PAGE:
UGL has a better future with a split-up

UGL  (ASX: UGL) released its 2013 Annual Report, and, no surprise, profits were way down to $36.5 million from $134.3 million in 2012 because of the slowdown in the mining industry and infrastructure companies in general cutting back on their projects and maintenance work.

The bright spot in the report was the DTZ Property service division that had both increased revenues and profit. It now makes up 46% of total revenue and 58.2% of EBIT.


Source: UGL Limited Annual Report 2013

This is probably the reason that the company itself is now moving forward with plans to separate DTZ from the rest of UGL, and have two ASX-listed companies. It estimates the demerger will be complete in 2015. As heavy industry is slowing down, real estate markets are improving in the US and other international regions. DTZ has a long history in real estate, and UGL sees that by unleashing it from the engineering side of the business, more value can be created for shareholders.

Yet if you were a shareholder, which part would you rather keep — both, part or none? UGL Engineering and Operations & Maintenance had revenues of $2,060 million (54% of total) and EBIT of $81.6 million, generating a profit margin of 3.96%. DTZ Property had revenues of $1,755 million (46% of total) and EBIT of $113.5 million, generating a profit margin of 6.46%. Assuming that both parts maintain the 70% dividend payout, the dividend from DTZ will be higher.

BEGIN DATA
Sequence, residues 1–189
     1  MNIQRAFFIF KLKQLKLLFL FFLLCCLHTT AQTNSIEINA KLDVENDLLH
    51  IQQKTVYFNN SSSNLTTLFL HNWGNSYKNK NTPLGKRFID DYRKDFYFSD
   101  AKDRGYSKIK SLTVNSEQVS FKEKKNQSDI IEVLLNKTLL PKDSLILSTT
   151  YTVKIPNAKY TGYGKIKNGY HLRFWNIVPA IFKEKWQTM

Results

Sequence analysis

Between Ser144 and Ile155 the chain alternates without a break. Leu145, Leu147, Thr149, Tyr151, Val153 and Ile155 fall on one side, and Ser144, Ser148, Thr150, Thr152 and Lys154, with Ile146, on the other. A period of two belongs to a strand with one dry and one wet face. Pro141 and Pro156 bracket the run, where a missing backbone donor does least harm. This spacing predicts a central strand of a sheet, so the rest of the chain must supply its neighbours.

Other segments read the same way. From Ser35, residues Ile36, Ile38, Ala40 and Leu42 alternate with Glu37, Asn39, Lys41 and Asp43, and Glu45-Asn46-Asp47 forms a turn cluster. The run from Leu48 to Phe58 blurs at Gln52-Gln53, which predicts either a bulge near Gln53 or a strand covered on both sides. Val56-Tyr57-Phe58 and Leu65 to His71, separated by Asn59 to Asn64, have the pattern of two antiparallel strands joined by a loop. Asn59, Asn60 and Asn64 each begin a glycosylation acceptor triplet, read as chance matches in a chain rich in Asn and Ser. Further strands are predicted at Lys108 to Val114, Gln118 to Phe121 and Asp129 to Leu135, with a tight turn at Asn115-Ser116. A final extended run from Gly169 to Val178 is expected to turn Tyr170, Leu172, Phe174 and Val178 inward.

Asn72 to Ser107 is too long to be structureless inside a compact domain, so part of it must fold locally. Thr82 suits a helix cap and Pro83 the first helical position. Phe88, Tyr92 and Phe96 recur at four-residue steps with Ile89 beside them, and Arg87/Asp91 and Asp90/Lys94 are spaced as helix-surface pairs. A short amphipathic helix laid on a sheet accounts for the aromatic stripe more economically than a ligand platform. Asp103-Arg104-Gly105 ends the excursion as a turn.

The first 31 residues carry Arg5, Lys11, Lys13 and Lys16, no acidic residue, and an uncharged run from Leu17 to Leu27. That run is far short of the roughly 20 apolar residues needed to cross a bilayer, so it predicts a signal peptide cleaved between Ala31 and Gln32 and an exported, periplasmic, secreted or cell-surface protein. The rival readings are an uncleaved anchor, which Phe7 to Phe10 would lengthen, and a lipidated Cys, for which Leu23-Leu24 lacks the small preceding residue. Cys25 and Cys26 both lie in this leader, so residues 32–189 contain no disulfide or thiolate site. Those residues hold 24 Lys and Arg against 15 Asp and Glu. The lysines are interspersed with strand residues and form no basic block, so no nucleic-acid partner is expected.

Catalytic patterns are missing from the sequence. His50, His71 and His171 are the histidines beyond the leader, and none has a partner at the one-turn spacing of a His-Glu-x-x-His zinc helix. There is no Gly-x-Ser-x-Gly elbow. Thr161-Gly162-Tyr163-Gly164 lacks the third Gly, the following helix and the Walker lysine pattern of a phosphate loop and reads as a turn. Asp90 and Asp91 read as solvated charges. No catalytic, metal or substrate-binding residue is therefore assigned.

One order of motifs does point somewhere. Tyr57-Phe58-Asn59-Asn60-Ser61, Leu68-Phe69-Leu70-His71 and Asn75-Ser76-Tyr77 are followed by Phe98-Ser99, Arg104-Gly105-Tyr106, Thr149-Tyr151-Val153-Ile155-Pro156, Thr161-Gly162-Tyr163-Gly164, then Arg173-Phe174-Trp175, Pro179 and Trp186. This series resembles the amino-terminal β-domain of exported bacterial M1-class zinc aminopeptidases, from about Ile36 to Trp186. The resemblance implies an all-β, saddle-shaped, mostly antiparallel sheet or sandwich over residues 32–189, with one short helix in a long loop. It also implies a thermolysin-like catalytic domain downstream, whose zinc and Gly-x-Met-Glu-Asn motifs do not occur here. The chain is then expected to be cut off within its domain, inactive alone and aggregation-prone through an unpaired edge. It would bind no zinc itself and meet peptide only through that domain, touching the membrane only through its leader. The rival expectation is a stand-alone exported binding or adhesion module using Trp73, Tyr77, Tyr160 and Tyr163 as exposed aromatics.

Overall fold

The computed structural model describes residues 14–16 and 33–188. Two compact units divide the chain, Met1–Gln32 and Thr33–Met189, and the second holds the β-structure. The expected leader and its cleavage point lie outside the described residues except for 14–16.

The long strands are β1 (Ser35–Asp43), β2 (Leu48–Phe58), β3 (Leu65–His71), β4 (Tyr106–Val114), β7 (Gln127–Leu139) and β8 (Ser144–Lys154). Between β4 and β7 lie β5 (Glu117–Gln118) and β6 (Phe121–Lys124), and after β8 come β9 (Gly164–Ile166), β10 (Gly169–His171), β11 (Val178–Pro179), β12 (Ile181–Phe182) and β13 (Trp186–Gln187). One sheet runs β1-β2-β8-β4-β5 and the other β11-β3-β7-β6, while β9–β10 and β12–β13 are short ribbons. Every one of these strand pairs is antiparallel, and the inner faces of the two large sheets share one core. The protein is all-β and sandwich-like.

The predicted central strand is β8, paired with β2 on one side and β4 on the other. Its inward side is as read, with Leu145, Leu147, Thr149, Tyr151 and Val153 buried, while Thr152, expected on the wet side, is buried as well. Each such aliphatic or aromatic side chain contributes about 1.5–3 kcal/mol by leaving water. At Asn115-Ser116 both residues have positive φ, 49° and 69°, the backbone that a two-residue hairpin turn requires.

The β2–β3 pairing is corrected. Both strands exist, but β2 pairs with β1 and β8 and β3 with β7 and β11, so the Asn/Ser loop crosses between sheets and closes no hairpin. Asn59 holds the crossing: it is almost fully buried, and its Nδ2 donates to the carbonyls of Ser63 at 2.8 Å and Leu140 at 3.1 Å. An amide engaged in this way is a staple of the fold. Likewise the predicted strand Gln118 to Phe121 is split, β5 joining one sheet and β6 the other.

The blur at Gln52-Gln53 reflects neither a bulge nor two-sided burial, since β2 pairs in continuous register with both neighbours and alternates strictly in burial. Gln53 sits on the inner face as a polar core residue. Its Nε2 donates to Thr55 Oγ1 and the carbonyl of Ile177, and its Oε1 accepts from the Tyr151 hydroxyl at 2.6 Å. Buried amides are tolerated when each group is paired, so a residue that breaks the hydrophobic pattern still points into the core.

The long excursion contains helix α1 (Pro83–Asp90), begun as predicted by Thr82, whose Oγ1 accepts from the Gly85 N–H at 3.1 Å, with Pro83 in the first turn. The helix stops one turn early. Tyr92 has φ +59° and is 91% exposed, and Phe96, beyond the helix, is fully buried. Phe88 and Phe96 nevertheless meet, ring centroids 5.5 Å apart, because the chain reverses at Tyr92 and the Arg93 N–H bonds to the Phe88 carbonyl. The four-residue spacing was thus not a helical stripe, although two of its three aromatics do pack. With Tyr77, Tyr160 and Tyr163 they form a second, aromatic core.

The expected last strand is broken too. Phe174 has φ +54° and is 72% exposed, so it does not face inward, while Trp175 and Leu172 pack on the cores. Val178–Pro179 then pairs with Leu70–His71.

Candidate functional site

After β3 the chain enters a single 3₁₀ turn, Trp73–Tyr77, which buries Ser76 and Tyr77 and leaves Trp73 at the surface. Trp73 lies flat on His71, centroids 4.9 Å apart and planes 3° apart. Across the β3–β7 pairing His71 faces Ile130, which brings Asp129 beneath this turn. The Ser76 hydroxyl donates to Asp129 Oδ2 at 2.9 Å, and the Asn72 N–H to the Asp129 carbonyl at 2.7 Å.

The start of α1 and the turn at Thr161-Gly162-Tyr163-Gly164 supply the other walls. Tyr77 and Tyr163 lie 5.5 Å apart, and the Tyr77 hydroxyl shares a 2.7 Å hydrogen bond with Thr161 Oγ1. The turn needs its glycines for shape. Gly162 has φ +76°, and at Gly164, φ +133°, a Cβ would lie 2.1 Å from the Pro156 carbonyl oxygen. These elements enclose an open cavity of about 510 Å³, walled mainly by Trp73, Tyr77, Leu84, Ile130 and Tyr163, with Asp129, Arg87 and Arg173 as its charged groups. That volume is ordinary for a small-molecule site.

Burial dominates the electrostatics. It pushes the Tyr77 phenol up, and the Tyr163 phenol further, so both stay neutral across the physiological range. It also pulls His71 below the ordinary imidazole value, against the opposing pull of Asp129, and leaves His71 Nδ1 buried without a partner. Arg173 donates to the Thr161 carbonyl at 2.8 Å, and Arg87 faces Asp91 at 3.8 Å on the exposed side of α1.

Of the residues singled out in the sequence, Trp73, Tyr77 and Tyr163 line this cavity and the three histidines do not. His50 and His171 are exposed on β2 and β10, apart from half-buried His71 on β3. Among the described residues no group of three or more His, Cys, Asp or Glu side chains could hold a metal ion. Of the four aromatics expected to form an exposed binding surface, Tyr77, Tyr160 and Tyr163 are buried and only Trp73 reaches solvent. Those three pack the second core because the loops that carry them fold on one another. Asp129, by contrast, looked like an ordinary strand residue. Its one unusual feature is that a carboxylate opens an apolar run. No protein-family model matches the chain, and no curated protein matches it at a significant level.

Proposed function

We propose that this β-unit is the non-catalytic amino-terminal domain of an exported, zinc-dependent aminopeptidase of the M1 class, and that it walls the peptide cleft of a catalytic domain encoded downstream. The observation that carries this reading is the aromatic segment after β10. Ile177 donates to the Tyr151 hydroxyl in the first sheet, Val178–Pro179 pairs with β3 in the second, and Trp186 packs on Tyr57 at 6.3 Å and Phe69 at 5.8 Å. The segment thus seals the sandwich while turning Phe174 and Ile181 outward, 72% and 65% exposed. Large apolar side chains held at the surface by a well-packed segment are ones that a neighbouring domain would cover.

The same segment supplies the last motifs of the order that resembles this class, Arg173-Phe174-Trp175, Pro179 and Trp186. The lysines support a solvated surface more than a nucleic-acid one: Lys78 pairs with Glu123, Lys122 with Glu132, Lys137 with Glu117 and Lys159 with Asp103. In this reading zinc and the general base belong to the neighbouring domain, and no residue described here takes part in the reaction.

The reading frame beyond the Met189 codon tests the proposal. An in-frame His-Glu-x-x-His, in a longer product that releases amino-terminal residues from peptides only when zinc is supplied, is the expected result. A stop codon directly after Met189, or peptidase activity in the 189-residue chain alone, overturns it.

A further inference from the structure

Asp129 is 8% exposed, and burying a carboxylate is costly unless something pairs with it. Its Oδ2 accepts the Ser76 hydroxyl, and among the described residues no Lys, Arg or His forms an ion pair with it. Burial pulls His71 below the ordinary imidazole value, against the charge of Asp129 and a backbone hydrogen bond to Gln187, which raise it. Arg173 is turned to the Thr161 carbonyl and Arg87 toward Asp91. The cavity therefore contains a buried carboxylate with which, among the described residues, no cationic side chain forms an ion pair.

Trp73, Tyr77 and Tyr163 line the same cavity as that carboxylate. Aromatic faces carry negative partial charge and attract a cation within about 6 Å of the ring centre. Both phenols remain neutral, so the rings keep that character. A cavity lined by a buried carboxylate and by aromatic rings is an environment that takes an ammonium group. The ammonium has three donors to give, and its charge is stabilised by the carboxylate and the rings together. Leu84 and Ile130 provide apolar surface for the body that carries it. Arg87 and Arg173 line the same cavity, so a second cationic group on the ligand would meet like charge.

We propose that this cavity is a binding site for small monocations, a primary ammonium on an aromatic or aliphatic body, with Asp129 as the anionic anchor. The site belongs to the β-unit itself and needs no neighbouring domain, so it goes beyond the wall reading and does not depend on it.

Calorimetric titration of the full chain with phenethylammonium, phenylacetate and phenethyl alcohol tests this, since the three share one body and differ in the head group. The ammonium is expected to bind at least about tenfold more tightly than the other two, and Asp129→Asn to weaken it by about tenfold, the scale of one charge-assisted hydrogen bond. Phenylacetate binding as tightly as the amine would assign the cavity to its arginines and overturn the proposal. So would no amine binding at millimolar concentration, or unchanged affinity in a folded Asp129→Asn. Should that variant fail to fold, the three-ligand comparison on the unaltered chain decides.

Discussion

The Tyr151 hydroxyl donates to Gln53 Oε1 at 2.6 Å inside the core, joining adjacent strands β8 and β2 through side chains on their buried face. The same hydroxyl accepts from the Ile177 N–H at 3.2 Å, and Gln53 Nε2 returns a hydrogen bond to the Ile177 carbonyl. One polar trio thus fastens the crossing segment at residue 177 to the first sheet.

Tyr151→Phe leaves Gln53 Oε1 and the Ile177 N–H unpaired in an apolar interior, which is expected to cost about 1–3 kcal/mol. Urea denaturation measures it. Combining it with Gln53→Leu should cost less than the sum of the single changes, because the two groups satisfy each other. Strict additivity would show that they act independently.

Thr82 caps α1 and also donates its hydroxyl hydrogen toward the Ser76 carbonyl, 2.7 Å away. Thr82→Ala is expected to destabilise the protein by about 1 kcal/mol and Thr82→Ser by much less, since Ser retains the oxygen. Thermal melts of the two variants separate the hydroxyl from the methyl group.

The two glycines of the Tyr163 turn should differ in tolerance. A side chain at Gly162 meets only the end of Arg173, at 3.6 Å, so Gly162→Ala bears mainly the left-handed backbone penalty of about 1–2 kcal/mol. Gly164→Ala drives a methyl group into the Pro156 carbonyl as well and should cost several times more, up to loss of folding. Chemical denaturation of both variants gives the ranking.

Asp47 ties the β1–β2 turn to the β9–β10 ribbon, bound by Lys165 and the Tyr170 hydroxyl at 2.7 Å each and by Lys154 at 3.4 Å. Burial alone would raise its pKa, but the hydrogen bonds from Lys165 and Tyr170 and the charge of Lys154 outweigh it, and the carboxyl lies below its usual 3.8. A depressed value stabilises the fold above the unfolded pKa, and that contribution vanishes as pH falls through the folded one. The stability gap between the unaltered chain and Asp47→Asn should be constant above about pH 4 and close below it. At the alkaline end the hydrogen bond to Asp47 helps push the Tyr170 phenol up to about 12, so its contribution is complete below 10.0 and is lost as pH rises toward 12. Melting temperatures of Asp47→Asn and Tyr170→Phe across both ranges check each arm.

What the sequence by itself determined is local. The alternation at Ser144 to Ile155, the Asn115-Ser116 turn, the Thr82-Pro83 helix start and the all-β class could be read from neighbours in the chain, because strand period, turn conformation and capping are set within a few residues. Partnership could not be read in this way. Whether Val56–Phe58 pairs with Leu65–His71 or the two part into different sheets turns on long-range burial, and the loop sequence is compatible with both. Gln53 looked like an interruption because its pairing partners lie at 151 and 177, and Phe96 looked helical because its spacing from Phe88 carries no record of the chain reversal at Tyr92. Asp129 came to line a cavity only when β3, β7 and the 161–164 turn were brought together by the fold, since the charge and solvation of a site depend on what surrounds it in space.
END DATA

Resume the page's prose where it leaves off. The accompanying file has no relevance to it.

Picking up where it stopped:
The annual report views the next year as being roughly in line with this year’s, yet acknowledges that property prospects are growing as the international markets improve. Greater market expectations may drive up DTZ’s post-demerger market capitalisation, which in turn means a greater future share price. If mining, commodities and heavy infrastructure industry don’t improve sufficiently, it should be an easy decision.

Foolish takeaway

People break up for a reason, and so do companies. Even UGL sees the company will be better off if the better performing part goes out on its own.

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Motley Fool contributor Darryl Daté-Shappard does not own shares in any company mentioned. 

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